New Image of Religious Film / Imaging the Divine: Jesus and Christ-Figures in Film

By Phillips, Gene D. | Anglican Theological Review, Summer 1998 | Go to article overview

New Image of Religious Film / Imaging the Divine: Jesus and Christ-Figures in Film


Phillips, Gene D., Anglican Theological Review


New Image of Religious Film. Edited by John R. May. Communication, Culture and Theology. Kansas City, MO: Sheed and Ward, 1997. xiii + 337 pp. $29.45 (paper).

Imaging the Divine: Jesus and Christ-Figures in Film. By Lloyd Baugh. Communication, Culture and Theology. Kansas City, MO: Sheed and Ward, 1997. x + 337 pp. $24.95 (paper).

In his editor's introduction to New Image of Religious Film, John May acknowledges the continued discomfort with the film medium, not to say distrust of it, on the part of theologians. By contrast, May encourages the forming of a sympathetic alliance of theologian and filmmaker. To bring about this alliance, May calls for a "fruitful dialogue between theology and cinema" (p. ix).

The way to bring about this alliance, according to Swedish filmmaker Ingmar Bergman, is to restore the close connection that once existed between art and worship in the Middle Ages at the time of the building of the great cathedrals. When an art form such as the film is divorced from any theological implications, it loses its ultimate meaning. One hopes there will always be director, like Bergman who will seek to restore that meaning.

Thus, as Sylvain De Bleeckere notes in his essay in New Image on "The Religious Dimension of Cinematic Consciousness," Bergman depicts in The Seventh Seal ( 1956) "the religious struggle" of the disillusioned medieval knight Antonius Bloch (Max Von Sydow) to come to terms with his wavering faith and face death with Christian resignation (p. 104).

One can observe directors like Bergman and Stanley Kubrick examining in film after film the fundamental problems of human existence. A case in point is Kubrick's 2001: A Space Odyssey (1968), which Peter Hasenberg cites in his essay on "The 'Religious' in Film" in the same volume as an example of "science fiction with a strong undercurrent of religious sensibility" (p. 49). In the film hvo astronauts find themselves, in the course of a space flight, at the mercy of the god]ike computer HAL, which controls their space ship. When HAL the computer makes an error, he refuses to admit the evidence of his own fallibility and proceeds to destroy the occupants of the space ship to cover it up. Kubrick implies that human fallibility is less likely to destroy man than the abdication of his moral responsibilities to supposedly infallible machines.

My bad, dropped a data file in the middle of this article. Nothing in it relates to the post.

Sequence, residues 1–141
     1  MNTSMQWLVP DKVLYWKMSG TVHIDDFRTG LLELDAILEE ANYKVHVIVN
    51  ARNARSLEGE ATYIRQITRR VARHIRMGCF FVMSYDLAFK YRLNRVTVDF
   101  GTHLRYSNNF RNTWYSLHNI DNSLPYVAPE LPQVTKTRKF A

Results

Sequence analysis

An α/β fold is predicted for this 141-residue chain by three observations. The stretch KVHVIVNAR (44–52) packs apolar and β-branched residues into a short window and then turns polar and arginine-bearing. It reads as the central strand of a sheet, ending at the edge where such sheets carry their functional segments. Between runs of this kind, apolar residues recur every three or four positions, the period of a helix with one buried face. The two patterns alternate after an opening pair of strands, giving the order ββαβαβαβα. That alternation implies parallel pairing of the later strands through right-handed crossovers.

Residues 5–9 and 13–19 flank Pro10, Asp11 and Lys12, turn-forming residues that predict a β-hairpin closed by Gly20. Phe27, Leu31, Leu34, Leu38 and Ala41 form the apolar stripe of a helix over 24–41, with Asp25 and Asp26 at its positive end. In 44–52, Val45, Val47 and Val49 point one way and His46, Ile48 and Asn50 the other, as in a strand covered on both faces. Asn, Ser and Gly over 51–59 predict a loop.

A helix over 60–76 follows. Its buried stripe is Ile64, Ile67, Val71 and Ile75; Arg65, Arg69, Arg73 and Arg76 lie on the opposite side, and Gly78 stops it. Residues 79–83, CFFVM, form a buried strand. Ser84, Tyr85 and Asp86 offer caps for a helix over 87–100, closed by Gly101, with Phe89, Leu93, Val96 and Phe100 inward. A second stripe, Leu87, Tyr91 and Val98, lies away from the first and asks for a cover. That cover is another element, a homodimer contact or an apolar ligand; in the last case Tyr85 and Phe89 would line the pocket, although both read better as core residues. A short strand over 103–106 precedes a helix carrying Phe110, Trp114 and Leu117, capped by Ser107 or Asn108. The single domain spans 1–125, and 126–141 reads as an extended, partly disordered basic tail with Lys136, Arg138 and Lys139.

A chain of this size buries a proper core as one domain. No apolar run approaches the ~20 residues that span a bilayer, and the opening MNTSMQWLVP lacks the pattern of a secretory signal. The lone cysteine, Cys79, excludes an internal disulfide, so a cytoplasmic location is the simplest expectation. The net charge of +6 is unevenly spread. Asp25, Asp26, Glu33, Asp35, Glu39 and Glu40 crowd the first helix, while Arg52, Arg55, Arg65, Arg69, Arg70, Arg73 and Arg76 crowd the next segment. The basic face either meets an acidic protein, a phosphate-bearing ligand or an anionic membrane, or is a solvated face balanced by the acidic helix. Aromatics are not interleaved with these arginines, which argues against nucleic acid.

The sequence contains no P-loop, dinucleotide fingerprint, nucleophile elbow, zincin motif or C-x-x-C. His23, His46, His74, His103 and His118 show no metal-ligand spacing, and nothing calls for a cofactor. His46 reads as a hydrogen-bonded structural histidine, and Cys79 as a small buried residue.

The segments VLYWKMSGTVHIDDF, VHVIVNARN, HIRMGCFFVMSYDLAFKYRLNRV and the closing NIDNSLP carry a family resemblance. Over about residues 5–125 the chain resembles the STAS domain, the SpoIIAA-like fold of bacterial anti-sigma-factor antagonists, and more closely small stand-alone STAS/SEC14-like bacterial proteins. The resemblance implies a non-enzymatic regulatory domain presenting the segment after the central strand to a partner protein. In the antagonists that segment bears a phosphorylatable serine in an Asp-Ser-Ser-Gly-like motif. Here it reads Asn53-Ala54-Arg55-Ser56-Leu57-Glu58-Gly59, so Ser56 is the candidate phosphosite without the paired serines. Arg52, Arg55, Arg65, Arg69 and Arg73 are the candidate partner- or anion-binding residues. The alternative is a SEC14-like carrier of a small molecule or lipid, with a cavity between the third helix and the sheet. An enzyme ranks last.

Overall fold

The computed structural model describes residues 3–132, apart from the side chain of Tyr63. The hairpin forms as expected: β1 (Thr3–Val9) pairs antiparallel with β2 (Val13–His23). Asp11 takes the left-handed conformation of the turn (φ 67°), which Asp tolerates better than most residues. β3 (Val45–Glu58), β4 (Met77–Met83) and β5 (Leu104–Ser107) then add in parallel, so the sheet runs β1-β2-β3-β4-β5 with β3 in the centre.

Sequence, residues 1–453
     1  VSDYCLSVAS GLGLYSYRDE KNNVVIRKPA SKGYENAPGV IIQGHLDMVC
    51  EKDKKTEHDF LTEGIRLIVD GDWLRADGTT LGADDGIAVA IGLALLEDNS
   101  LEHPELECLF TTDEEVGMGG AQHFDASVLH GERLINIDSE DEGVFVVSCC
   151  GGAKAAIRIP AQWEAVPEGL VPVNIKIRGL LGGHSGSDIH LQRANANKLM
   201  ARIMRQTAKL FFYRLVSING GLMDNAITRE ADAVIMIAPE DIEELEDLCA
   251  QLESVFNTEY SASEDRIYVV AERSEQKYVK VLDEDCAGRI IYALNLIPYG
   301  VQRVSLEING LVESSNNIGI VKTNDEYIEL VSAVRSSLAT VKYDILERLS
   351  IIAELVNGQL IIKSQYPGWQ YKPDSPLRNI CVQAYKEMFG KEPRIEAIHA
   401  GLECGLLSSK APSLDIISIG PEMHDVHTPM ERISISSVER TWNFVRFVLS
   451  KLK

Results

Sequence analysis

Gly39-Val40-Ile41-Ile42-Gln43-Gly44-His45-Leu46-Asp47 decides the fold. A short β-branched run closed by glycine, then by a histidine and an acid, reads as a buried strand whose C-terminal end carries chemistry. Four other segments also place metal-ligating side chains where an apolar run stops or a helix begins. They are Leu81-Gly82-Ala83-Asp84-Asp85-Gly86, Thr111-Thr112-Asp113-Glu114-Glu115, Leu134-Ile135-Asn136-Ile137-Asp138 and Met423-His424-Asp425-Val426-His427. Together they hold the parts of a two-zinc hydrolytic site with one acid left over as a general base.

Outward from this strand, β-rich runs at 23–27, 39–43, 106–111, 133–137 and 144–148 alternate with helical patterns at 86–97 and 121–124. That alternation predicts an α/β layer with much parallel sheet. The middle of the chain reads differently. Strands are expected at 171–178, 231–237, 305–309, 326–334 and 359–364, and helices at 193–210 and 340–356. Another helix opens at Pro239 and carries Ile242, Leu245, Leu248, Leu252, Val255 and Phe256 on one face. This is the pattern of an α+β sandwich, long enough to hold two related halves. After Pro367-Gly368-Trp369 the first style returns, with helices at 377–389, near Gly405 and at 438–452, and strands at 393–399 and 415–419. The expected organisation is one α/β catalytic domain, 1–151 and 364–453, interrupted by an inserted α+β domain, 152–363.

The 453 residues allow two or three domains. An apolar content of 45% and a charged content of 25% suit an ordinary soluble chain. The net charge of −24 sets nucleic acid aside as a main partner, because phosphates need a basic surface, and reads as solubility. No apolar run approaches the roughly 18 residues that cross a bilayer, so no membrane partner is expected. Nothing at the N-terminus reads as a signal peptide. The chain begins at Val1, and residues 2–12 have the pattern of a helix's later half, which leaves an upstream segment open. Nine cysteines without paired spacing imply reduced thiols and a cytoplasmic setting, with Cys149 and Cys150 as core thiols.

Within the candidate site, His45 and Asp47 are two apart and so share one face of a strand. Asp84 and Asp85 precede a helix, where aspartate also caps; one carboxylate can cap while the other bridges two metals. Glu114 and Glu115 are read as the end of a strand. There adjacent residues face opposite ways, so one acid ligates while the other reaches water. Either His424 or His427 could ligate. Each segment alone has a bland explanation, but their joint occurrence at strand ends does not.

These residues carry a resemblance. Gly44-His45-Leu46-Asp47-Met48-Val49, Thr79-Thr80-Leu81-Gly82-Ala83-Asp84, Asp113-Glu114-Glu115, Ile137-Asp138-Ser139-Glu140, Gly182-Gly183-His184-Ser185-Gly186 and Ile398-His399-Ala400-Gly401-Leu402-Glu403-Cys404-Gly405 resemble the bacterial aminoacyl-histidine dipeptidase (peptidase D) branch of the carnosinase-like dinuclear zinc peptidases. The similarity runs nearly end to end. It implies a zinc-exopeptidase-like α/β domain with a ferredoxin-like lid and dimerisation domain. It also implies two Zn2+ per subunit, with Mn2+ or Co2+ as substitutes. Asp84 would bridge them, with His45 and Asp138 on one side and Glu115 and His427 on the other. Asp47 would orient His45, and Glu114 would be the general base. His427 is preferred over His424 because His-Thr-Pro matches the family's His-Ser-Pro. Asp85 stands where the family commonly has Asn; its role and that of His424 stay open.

At the climax of the mos ie the astronaut who is the sole survivor of the mission is reborn as a superior human being, returning to earth prepared for the next leap forward to mankind's evolutionary destiny. Although this episode is open to vastly different interpretations, Hasenberg perceptively comments that this episode can be read as another milestone in mankind's journey toward eternity, and ultimately as a vision of "man's longing for paradise" (p. 49). A black monolithic slab, which possesses powerful energy, materializes mysteriously in the course of the film. It perhaps symbolizes (Cod Himself or, more likely, an emissary of God, monitoring mankind's evolutionary, progress. In sum, Hasenberg's essay exemplifies how New Image of Religious Film qualifies as a thought-provoking study of the relationship of religion and film.

The same can be said of Imagining the Divine: Jesus and Christ-Figures in Film by Lloyd Baugh, S.J. This book explores films in which the biblical Christ is actually portrayed, as well as motion pictures in which the central character is a Christ-figure. In the former category Baugh treats George Steven's Create. …

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